I John 3:18

All original content copyright Jessica Nicole Schafer, 2007-2016.

Monday, November 9, 2015

Language of Grief

One of the first mistakes made in this thing called grief, is that often we expect it to teach us something.  Or, we expect it to teach those in our lives something.  As they live with this dark cloud surrounding them, we think maybe they should be learning during this process.  What a hurtful thing to do...expecting ourselves, or others, to find some amazing epiphanies during the heartbreak they carry daily.

I have talked with so many dear people who carry an ache like this, and there is a common theme I have noticed.  There's this idea, particularly in Christian circles, where we want to gloss over the hurt..........we want to get to a smiling place, where the hurt is no more. 

*We don't want to be in the midst of grief, we want to skip right over it, and immediately get to the happy parts of life.*

"Well, you do have a wonderful husband a son, and you have your Daddy, and sister, etc.".  So very true!  How beautiful, I never for one second take these people for granted.  They are my heart.  I will do anything for them, and I always will.
But the thing about death is...I still don't have my Momma. 
And I want her here.
That's the kicker when someone we love is taken from us early---we still want and need them here. 

*We cannot skip over their absence!!!*
We will never get to that point where the hurt is no more, we can't skip over the reality, in hopes of being happy about our grief.  Regardless of how much you may wish for us to be "happy", it is a burden placed on far too many. And so many people I have heard from do not know how to handle this aspect, it is for them I continue talking about this elephant in the room.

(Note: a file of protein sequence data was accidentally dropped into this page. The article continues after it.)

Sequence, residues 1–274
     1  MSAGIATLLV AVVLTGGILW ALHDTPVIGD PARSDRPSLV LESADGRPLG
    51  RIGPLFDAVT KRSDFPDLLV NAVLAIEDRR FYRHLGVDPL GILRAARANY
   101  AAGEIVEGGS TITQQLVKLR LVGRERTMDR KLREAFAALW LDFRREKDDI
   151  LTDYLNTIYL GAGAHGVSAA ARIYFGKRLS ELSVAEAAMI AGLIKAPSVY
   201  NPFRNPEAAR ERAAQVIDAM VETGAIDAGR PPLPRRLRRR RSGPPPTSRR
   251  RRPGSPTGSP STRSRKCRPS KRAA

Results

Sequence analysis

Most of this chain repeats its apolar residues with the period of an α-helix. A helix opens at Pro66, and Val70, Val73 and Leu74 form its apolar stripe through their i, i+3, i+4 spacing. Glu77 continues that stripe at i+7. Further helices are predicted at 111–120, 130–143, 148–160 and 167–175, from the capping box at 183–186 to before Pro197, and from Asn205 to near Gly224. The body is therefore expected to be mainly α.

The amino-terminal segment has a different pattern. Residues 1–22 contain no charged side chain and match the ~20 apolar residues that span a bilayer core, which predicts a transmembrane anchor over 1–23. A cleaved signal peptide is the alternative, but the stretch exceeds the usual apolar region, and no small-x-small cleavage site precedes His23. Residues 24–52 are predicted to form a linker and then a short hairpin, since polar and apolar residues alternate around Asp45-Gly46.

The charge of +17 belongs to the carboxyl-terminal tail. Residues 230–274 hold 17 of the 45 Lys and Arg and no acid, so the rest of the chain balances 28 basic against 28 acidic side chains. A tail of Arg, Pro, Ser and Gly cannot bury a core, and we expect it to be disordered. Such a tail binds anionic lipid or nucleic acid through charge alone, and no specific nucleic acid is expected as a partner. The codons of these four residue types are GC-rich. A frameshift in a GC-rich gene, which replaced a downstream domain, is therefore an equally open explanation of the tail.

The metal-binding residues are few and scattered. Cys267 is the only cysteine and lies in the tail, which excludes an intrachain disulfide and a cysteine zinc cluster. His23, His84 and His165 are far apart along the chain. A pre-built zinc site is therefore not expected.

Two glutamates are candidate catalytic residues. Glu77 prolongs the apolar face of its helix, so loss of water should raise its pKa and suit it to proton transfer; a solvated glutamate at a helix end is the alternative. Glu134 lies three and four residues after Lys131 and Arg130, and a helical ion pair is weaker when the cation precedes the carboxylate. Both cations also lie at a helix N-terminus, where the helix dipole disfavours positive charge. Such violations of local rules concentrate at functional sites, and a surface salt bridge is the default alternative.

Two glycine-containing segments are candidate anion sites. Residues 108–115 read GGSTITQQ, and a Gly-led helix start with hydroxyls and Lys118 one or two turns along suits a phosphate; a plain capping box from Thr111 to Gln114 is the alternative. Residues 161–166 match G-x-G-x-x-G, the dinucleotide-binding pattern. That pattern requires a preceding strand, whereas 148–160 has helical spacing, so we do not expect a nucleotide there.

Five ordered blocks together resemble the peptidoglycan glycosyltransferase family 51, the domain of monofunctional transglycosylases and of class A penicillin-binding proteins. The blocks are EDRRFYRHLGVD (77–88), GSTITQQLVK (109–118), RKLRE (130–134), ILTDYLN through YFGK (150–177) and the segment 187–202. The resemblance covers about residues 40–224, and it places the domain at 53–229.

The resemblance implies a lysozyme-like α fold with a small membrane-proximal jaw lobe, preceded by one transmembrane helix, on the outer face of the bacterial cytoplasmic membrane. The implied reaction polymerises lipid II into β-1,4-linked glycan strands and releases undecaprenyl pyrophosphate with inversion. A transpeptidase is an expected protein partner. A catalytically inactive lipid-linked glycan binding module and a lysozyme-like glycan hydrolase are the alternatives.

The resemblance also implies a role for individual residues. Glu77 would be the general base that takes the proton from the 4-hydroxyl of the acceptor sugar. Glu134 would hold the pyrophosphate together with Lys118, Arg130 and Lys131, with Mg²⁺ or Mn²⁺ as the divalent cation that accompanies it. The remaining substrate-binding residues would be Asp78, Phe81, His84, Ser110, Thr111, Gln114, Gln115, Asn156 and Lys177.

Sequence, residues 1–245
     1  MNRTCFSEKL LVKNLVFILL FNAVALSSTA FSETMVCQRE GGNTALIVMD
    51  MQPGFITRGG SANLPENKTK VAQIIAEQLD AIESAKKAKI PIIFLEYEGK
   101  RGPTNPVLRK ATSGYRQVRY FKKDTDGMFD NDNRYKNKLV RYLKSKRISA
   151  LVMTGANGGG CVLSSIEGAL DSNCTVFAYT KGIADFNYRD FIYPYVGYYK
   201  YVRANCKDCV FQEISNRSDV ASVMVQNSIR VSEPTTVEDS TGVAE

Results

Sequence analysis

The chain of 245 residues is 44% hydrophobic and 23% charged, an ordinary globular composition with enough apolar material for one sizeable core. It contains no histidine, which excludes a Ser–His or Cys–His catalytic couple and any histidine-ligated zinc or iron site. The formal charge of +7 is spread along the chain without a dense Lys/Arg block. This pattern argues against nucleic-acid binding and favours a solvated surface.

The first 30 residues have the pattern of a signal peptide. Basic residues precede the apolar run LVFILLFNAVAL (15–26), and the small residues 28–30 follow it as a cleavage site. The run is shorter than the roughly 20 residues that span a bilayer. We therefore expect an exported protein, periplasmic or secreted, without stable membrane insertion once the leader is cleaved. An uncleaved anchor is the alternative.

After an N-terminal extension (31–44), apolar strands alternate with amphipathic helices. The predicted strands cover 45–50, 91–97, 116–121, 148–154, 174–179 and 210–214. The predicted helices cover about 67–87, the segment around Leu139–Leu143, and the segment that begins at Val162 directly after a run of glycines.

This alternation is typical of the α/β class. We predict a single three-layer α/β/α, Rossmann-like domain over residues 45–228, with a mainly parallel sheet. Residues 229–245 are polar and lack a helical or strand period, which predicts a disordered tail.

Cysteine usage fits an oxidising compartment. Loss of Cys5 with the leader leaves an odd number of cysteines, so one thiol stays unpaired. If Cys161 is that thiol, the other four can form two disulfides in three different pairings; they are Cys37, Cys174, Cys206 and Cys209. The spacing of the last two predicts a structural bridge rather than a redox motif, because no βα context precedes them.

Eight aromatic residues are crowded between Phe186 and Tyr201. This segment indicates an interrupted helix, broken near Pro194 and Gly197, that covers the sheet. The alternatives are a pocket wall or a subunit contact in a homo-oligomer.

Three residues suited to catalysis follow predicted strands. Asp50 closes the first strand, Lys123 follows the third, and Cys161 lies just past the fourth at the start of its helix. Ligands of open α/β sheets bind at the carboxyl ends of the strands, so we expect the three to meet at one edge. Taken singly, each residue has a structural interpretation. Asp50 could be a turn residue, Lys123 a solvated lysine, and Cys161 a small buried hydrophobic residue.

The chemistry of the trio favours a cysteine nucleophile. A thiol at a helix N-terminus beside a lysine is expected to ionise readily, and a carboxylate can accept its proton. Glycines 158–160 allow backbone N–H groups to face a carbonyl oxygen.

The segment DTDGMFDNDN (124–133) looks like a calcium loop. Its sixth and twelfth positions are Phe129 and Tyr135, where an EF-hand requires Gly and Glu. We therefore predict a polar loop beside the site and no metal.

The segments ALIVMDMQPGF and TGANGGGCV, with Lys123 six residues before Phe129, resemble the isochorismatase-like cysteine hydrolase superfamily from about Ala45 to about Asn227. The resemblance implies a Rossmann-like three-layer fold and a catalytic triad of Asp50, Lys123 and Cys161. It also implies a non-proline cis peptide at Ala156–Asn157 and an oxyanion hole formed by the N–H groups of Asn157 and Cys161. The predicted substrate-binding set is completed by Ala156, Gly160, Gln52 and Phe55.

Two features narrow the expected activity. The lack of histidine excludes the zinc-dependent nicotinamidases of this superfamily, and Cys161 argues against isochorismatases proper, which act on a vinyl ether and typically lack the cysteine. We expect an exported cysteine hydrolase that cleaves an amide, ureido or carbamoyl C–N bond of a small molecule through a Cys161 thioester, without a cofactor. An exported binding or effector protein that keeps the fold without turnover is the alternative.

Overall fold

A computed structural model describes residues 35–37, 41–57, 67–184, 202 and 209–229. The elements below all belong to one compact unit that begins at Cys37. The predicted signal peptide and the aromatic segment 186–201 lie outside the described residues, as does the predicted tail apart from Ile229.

Grief is not happy.

Grief was never meant to be our tutor.  It's simply part of our story now. 

It's not enough to say we cannot grieve with others, unless we've experienced the same thing.  Because none of us experience the same things!  We are all different, we all have different stories...the same with grief.  I do not take for granted the gift of My Love, my husband.  He has carried this with me.  The love we share has helped me grieve in a better way, and the fact that he has given me freedom to grieve---never trying to quiet the pain I carry----means the world to me.  Not only does he see me carry it, but picks up my grief alongside me.  There is a better way than dismissing ourselves from someone else's grief by casually saying, "Well, I don't know what you're going through, so I'll just see my way out"....find the way of love.  Love will let you tell your story.  Love will try to understand, love will find a better way.

In grief, happiness is not the goal.  Utopia cannot be attained.
Please, if you love someone living with grief, let them just *live with their grief*.  Don't place a burden of a false smile on them, just because you are uncomfortable with the pain they carry.

My husband recently spoke of someone he admires. He mentioned that this writer helped him find the language to express the ideas that were clanging around in his head and heart.
**That is my hope.**
In all of the writing I do, as hard as it may be, I hope to help others find the language of grief.  I hope to make a place in your life to feel safe with this grief that you will always carry.  Grief is heavy enough....may we help one another carry it...whether we understand it, or not.